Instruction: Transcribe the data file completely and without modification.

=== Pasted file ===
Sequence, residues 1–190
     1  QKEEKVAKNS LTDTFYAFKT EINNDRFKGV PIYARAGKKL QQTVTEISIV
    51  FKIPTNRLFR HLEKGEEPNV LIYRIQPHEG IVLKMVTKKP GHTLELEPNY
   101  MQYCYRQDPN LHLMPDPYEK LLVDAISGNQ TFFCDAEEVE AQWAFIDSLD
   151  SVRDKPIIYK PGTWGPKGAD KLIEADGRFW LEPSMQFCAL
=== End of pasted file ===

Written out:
Sequence, residues 1–190
     1  QKEEKVAKNS LTDTFYAFKT EINNDRFKGV PIYARAGKKL QQTVTEISIV
    51  FKIPTNRLFR HLEKGEEPNV LIYRIQPHEG IVLKMVTKKP GHTLELEPNY
   101  MQYCYRQDPN LHLMPDPYEK LLVDAISGNQ TFFCDAEEVE AQWAFIDSLD
   151  SVRDKPIIYK PGTWGPKGAD KLIEADGRFW LEPSMQFCAL